The number of rolls a plate rolling machine has made a big difference. Typically they are of a 3-Roll configuration. The rolls are the round part that spin to bend and shape the metal inside the machine. Each of these rolls can be configured with a specific shape in order to closely hold the working material without distorting it during the forming process. Each design has at least one pinching roll that’s used to feed the metal plate into the machine.

Pressing rolls are the rolls that provide the force that takes care of the bending process. The number of pinching and pressing rolls is how each machine is classified. The most common include a four-roll double-pinch and three-roll initial pinch plate bending machine.

Read More: 6 types of plate rolling machines

What features of the plate rolling machine will you need?

Look carefully at the features and options of available machines to determine the perfect plate rolling machine for your particular projects. Some things to consider include:

  • Machine construction. How sturdy is the machine housing? Is the frame solid with post-welding stress relief? What material was used to make the roll shafts? Are the rolls ground and hardened?
  • Machine power. Smaller capacity plate rolling machines will be motorized, but most profile bending machines are hydraulically powered. Size won’t matter if your new plate rolling machine doesn’t have the power to perform, so confirm the power source of the machine before purchase.
  • All rolls are driven. Good hydraulic plate rolling machines will have independent power to all rolls instead of a couple of drive rolls and an idle roll. This improves accuracy by reducing the chance of the workpiece slipping. See if the plate rolling machines you look at also offer features such as high torque drive systems and hydraulic brakes for greater strength and accuracy during rolling.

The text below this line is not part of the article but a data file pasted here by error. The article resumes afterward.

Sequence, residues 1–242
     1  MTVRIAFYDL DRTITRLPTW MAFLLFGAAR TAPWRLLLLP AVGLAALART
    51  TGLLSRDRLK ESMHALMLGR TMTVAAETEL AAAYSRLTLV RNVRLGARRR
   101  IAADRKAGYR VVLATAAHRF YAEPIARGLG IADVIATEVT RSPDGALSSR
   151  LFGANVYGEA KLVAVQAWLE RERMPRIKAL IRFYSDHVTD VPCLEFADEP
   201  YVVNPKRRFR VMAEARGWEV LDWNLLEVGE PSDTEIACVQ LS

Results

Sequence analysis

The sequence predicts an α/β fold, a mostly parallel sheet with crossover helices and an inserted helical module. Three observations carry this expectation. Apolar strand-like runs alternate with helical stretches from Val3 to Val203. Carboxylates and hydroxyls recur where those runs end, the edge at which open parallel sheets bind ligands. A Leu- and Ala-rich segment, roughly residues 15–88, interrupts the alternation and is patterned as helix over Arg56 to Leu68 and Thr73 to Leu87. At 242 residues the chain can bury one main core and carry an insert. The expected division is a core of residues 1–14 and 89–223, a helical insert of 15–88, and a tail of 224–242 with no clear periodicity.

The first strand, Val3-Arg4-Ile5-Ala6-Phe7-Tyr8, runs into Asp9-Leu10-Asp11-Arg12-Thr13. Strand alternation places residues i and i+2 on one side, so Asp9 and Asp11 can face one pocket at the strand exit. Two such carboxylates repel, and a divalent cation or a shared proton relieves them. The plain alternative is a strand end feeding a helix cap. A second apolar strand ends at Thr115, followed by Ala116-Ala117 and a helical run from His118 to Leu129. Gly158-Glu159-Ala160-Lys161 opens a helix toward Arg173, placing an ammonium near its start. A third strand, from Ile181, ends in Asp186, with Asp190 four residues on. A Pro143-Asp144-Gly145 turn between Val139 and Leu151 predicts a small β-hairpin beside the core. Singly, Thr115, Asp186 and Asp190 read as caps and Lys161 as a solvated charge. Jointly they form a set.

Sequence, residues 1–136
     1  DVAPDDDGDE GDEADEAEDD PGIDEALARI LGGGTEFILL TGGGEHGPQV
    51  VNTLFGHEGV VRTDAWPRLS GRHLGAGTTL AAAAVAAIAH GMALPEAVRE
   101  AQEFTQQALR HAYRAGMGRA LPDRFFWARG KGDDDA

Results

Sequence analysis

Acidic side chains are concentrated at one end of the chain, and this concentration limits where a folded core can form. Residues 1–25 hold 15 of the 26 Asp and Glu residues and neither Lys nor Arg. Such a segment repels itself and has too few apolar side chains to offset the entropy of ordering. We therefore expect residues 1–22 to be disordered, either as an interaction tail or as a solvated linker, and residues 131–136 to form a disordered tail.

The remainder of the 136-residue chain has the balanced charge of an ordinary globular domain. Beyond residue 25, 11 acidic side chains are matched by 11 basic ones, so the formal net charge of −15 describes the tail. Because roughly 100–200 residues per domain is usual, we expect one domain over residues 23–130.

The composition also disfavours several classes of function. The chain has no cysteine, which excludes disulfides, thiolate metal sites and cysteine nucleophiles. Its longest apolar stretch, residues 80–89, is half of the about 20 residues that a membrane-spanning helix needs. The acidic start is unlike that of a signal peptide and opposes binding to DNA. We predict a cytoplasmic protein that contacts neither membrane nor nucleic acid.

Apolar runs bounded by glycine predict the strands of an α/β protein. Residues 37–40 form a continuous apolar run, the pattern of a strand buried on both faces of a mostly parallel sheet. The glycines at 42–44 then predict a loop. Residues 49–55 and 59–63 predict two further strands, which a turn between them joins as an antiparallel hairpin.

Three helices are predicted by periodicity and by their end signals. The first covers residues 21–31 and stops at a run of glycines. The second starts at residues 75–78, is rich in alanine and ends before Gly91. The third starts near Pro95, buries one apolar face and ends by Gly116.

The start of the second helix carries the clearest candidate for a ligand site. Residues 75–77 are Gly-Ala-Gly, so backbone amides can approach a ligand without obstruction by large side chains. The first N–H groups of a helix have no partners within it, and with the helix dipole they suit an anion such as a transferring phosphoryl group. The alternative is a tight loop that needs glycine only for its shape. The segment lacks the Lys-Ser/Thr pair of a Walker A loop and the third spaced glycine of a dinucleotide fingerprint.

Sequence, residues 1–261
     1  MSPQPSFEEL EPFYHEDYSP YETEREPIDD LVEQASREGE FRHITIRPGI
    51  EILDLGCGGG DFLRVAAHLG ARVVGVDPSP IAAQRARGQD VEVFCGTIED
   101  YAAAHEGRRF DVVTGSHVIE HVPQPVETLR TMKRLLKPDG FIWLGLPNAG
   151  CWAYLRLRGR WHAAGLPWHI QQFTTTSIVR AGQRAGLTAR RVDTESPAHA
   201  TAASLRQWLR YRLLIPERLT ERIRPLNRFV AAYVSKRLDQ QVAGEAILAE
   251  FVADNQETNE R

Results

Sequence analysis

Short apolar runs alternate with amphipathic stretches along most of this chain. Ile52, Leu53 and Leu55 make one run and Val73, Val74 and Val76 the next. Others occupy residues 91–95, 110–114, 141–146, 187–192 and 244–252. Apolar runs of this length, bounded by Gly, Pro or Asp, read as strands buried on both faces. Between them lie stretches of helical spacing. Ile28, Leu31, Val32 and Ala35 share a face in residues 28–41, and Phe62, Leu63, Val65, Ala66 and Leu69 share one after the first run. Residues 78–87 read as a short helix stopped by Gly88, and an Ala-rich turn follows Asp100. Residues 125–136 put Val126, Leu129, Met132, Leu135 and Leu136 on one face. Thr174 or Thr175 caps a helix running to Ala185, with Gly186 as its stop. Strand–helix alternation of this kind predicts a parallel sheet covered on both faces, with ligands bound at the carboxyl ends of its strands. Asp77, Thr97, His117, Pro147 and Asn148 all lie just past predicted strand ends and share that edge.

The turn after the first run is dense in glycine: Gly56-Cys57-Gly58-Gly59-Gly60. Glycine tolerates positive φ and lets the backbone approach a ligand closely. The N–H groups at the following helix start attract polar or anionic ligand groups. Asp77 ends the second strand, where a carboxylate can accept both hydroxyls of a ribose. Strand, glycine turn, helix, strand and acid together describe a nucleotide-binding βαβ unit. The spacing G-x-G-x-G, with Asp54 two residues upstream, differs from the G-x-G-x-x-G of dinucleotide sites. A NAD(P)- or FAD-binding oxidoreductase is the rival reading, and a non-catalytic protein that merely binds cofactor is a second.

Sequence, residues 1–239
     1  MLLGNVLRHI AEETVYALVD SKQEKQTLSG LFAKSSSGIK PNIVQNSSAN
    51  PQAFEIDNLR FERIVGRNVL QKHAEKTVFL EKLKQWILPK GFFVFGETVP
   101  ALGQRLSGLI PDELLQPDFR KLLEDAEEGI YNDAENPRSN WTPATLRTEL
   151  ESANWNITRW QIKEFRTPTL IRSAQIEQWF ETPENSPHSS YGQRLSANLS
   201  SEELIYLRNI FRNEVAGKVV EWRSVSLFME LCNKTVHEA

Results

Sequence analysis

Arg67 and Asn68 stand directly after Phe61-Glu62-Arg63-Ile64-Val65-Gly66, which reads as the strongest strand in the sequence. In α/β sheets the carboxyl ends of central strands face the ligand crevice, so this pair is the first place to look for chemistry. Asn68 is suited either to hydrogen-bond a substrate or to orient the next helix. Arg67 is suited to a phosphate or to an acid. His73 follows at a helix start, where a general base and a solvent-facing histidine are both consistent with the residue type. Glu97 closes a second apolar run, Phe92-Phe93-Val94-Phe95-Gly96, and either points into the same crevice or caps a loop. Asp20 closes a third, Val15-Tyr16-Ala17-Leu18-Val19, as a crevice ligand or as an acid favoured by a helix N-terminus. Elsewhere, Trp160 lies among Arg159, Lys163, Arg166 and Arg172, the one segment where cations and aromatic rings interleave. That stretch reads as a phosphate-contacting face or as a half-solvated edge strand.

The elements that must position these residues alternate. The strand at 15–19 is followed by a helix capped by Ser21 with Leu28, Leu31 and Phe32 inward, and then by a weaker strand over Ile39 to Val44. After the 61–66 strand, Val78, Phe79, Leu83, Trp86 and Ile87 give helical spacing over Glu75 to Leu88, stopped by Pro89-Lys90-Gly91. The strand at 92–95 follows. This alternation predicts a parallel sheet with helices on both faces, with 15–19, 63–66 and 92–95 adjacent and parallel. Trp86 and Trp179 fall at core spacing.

• Control systems. Will digital readouts work for you, or will you want an NC control system? (Or a more specialized CNC upgrade?) Will you want a portable control unit that can be moved around to view the part from any angle during rolling?
  • Support device: Are there overhead supports to prevent light materials from collapsing when rolled to large diameters? Side support can also assist in preventing light materials from recurving toward the floor if the radius is very large.
  • The hardness rating of outer roll surface: The harder materials and laser/plasma cutting techniques used today require hard outer roll surfaces on rolling equipment. A hardness rating from 50 to 55 Rockwell C scale will have a reasonable penetration depth and provide long-lasting protection against roll surface wearing.

Read More: What is bending machine

Four buying suggestions for plate bending machines

Part-handling Options

Your roll bending application may require NC or CNC side and top supports, motorized loading tables, board alignment systems, infeed conveyors, or part ejectors. When choosing a new plate rolling machine, don’t forget this important safety and productivity tool!

Security considerations

Most new plate rolling machines are equipped with safety devices such as emergency stop buttons; safety trip wires; 24-VAC, low-voltage control circuits; and separate operator consoles. However, it is still your responsibility as the owner to ensure that these operating safety guards or devices are installed and properly used.

Will I Be Doing Any Welding in the Plate Roller?

Welding around expensive controls found on a new plate rolling machine could lead to extensive electrical damage from the welding power source. It could even fry the system.
You need to take special care to make sure the welding ground is on the part, not on the machine.
If you even think that this is a possibility, you need to have an upgraded, shielded electronic system to protect the plate rollers’ electronics. It’s better to be safe than sorry.

Do You Require a Mar-free Finish on the Rolled Parts?

If you require a mar-free finish, you need polished, precision-ground rollers. They are easy to clean and won’t pick up mill scale as much as traditional rollers.

If you need to have rollers made out of specialty alloys, you won’t suffer sticker shock. The cost of the rollers typically isn’t exorbitant, but of course, the application ultimately might justify the cost.